Last Sunday, at the church door, someone mentioned to me that they couldn’t join in various bits of the service because they had left their glasses at home. Now, I must admit I too would struggle without my glasses. In fact last year I knew it was time for an eye test when I was struggling to read the gospel; I had to keep moving it further away and then nearer to make any sense of it. You see I need varifocals! Does anyone else wear varifocals?
The thing about varifocals is that they help us to see both into the longer distance and the shorter distance. As Christians we need to develop the ability to see as though we are wearing varifocals. We need to be able to look into the far distance whilst also seeing that which is right under our eyes. We need to hold within our mind's eye a kingdom view, an eternal perspective, whilst also seeing that which needs our immediate attention. Over the last few weeks the readings from Luke’s gospel have, in many ways, been about the art of seeing; spiritual seeing.
The Parable of the Good Samaritan is all about seeing clearly that which requires our immediate attention. In many ways the Priest and the Levite in the story can be regarded as wearing the wrong sort of specs. They were so hung up on misplaced conceptions of duty and protocol that they failed to see, unlike the Samaritan, that which required their immediate attention. In the story of Martha and Mary, Martha is so fixated with getting the housework done that she forgets that any growth in Christian faith requires that we spend some time focusing on the person of Jesus. Mary, by contrast, understands that we often learn through the simple art of observation. Last week we heard the account of Jesus teaching his disciples how to pray. Very early in the Lord’s Prayer we hear the words: ‘thy kingdom come on earth as in heaven.’ The implication is clear: if we want to be of any earthly use we need to have developed a vision of what the Kingdom of Heaven looks like.
In today’s readings we are given an insight into what it means to live a life devoid of all spiritual vision:
Put simply it means to live a life characterised by false distinctions and hierarchies where this is possible because we fail to see, in the words of the Taize Chant, that ‘the Kingdom of God is justice and peace and joy in the Holy Spirit.’ To see into the far distance, into eternity, into heaven, by contrast implies agreeing with Paul that ‘there is no longer Greek and Jew, circumcised and uncircumcised, barbarian, Scythian, slave and free,’ because ‘Christ is all and in all.’ But because to be Christian means to work for the breaking in of the Kingdom of God, ‘here on earth as in heaven’ or in Paul’s words to work for ‘that renewal,’ we need to develop the ability to see where people are made to feel less than fully human, less than fully loved, in the here and now and then we need to act: ‘thy kingdom come on earth as in heaven.’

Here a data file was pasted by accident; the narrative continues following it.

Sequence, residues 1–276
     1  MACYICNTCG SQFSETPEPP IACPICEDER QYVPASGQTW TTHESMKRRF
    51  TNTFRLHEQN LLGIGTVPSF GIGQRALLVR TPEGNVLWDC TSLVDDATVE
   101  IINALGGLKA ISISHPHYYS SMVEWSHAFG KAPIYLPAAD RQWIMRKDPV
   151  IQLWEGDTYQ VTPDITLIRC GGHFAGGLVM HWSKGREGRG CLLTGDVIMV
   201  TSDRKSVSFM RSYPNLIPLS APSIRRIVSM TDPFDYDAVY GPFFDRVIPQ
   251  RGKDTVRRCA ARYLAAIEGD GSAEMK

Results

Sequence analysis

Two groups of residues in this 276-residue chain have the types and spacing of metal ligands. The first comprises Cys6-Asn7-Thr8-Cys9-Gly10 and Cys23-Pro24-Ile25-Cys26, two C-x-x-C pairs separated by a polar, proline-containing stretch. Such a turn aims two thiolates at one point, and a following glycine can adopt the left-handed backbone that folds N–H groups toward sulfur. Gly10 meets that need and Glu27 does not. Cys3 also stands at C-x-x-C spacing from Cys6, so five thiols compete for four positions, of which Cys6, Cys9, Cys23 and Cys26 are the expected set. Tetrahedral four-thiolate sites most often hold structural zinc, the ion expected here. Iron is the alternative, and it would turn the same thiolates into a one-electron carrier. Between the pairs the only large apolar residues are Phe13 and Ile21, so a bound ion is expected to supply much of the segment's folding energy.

The Gospel reading provides us with a picture of someone who is spiritually completely and utterly blind; someone who can see no further than themselves and cares about nothing other than the satisfaction of their desires. The rich man has no vision of the Kingdom of God; that’s his basic problem. Because he can’t see beyond his own barns he's of no earthly use, less still of heavenly value.
So how do we avoid becoming the sort of people who seek to prop up our self esteem through perpetuating false hierarchies and thinking solely of ourselves? The answer is clear: we take to heart the teaching of Luke’s gospel, allowing it to act as our varifocals. We spend time each and every day, like Mary, observing Jesus and becoming fascinated by Jesus, through reading the gospels, and we pray.
It is through fixating on the person of Jesus and praying the words of the Lord’s Prayer that we develop our spiritual vision, becoming the sort of people who are of both earthly use and heavenly value. So please do take home your pew sheets, read through the readings, or perhaps use the app we are endorsing, and pray the words of the Lord’s Prayer each and every day, for if you do you will become agents, God’s agents, of ‘that renewal,’ that St. Paul talks about, and the world so badly needs, Amen.